Most moving were the tributes by those closest to the two men, who themselves worked together supervising inmate fire crews at LA County’s Camp 16 in the Angeles National Forest. Captain Joseph Santero, who entered the fire service with Hall more than two decades ago, said his friend’s commitment made you want to do your job better. Ted Hall was considered the old veteran, sometimes gruff but always a professional. Santero in remembering Hall said, "Actually, lots of times, Ted wasn't a nice guy. Ted could give a verbal straightening out better than just about anybody. When you worked with Ted you wanted to do your job better because he was so good at his.” “Ted lost his life saving the lives of almost 70 firemen … I can’t think of anything more noble and courageous than that,” said Santero. “I have worked with the best and the bravest firefighters for 26 years. I can stand here in front of all of you and say without a doubt, that Captain Ted Hall was the bravest most heroic man I have ever known.”

Firefighter Spc. Rob Morales, a fellow firefighter and friend to both men, remembered Quinones fondly. "It wasn't uncommon for him to come up behind you and give you a big old hug. And then he'd hold it way past the point of comfort” As the audience laughed, Morales continued, "He'd give you that big smile and say, 'I'm Puerto Rican. That's what we do!'"

Morales was also on the mountain when they died. He saw Quinones hop in Hall's truck to get a better look at the approaching flames while the others sought shelter in Camp 16's dining hall.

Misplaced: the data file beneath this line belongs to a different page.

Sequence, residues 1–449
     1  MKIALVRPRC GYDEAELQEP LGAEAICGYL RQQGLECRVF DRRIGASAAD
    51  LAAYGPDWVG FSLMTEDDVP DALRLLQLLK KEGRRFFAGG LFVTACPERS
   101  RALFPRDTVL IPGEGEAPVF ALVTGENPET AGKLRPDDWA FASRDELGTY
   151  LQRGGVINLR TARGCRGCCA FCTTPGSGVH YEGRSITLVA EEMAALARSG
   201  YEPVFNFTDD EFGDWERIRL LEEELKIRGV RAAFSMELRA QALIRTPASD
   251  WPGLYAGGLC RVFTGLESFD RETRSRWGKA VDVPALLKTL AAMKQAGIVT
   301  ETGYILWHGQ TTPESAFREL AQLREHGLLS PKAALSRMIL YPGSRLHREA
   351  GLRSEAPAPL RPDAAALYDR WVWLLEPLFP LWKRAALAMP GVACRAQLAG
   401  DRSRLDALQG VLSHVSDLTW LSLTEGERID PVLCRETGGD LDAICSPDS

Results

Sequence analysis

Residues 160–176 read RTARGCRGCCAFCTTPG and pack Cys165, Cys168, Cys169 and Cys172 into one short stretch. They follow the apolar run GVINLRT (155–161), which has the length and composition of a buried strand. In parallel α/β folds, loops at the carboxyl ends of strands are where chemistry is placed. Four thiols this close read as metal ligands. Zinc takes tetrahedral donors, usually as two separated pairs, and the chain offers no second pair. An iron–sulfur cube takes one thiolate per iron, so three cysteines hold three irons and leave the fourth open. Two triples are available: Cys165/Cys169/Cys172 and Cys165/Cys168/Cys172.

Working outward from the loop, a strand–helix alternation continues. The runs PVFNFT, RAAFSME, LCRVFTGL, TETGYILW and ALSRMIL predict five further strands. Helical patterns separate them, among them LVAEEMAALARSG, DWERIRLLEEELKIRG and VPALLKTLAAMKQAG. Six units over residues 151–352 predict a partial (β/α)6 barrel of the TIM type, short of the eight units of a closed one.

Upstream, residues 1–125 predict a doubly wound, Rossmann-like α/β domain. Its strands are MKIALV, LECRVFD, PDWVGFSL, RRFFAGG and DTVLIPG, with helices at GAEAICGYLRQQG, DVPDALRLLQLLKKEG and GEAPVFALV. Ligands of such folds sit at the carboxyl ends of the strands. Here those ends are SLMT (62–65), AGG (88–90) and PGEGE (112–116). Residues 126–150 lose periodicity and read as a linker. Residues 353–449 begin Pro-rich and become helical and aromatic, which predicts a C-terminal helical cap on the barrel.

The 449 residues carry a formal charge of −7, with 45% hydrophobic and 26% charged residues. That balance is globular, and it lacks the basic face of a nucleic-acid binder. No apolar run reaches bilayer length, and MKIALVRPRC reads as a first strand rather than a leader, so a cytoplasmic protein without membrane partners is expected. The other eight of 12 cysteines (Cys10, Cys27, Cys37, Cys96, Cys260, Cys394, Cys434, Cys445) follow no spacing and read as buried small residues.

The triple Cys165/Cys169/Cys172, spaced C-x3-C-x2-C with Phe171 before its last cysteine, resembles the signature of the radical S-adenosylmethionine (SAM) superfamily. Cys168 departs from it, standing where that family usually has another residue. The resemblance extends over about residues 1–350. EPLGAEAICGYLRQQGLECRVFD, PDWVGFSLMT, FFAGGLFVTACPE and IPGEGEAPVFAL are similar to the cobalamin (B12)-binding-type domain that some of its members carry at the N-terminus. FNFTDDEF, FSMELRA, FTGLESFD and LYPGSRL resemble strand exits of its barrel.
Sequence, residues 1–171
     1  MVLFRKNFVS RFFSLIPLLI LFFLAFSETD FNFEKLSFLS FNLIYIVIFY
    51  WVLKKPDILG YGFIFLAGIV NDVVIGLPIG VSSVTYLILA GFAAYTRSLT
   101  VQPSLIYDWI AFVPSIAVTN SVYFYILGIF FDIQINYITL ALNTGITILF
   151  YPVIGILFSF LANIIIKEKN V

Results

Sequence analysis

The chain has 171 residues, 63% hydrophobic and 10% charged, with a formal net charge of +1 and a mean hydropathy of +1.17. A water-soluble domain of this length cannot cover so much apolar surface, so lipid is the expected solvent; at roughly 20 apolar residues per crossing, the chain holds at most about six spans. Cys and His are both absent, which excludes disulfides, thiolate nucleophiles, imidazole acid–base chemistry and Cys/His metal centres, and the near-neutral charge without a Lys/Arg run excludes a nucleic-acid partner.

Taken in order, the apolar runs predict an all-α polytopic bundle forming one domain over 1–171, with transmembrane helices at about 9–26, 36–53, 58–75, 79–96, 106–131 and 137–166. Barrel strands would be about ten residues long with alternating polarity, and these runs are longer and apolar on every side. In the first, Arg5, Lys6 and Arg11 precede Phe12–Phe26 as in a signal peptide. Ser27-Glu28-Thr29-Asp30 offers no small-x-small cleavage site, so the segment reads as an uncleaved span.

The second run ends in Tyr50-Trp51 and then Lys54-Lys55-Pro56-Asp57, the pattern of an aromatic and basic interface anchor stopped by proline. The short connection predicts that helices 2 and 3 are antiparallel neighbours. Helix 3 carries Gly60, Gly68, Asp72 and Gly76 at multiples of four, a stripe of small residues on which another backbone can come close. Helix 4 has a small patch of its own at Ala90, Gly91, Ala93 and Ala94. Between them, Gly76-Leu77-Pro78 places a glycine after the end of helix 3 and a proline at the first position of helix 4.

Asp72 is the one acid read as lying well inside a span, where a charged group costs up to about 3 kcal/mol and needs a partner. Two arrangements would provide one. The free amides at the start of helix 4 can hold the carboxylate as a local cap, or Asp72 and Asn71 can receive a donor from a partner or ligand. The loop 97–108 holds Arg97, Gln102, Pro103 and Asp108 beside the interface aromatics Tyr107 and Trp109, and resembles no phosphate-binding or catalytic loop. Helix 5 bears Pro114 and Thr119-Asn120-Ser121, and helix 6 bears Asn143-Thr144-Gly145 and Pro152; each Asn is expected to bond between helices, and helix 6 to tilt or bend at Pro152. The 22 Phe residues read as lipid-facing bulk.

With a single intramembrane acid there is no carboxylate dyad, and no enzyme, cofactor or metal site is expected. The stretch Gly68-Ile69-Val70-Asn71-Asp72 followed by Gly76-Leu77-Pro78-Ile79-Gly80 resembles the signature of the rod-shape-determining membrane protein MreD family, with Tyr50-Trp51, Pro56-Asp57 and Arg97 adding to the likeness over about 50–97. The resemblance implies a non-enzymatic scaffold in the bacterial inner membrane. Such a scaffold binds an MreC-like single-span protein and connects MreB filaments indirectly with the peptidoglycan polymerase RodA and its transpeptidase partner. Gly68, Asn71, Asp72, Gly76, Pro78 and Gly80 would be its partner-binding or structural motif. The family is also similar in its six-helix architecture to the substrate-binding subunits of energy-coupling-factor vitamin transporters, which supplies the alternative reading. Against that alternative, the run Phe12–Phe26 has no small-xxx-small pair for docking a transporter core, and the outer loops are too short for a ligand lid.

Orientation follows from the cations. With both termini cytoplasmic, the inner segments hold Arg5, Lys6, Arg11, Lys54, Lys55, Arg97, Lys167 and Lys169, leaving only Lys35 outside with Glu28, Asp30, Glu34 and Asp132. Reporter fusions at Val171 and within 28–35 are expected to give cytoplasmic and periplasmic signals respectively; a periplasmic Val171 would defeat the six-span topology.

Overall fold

"I witnessed something that most men would never dream of," Morales said, speaking about Quinones. " “I witnessed my friend deliver on every promise that he had ever made. He was brave. He was strong. He was noble. He upheld the promise that he would have my back."

Morales noted that Quinones had a tattoo that read: First in, last out.

"He was the first one in," Morales said. "And he was the last out."

The emotional ceremony lasted a little over two hours. Hall and Quinones received the sendoff befitting honored heroes with a sounding of the last alarm, then a fire captain playing taps on a trumpet in centerfield and the Pipes and Drums of California Professional Firefighters playing “Amazing Grace.”
Honor guards from more than two dozen departments from California and the nation participated.


fernvalley01 said...

A wonderful fellowship these people share. A fitting tribute to 2 heros

Desert Rose said...

Such a tradegy for these 2 brave men and their families. I cannot think of anther profession that we all should be so grateful to for all they do!

NICO Designs said...

There really are no words to describe how I feel. Thank you for taking the time to share the tribute.

Julia said...

What a tribute... Amazing. I hope their families had some comfort in seeing such a wonderful memorial of their loved ones lives.

allhorsestuff said...

WOW...glad that you posted it all like this...really got the feeling for the love and appreciation for the men that fell to the fire. Praying for the families still.

Really likie the saying about men being created equal..then some become firfighters~
A Special -special sect of hearts and be sure..HUG yours for me!